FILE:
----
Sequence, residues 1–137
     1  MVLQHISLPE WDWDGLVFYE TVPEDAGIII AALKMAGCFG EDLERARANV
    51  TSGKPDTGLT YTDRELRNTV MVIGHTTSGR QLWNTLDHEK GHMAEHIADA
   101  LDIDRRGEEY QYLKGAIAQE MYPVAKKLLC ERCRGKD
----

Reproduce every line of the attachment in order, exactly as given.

Sequence, residues 1–137
     1  MVLQHISLPE WDWDGLVFYE TVPEDAGIII AALKMAGCFG EDLERARANV
    51  TSGKPDTGLT YTDRELRNTV MVIGHTTSGR QLWNTLDHEK GHMAEHIADA
   101  LDIDRRGEEY QYLKGAIAQE MYPVAKKLLC ERCRGKD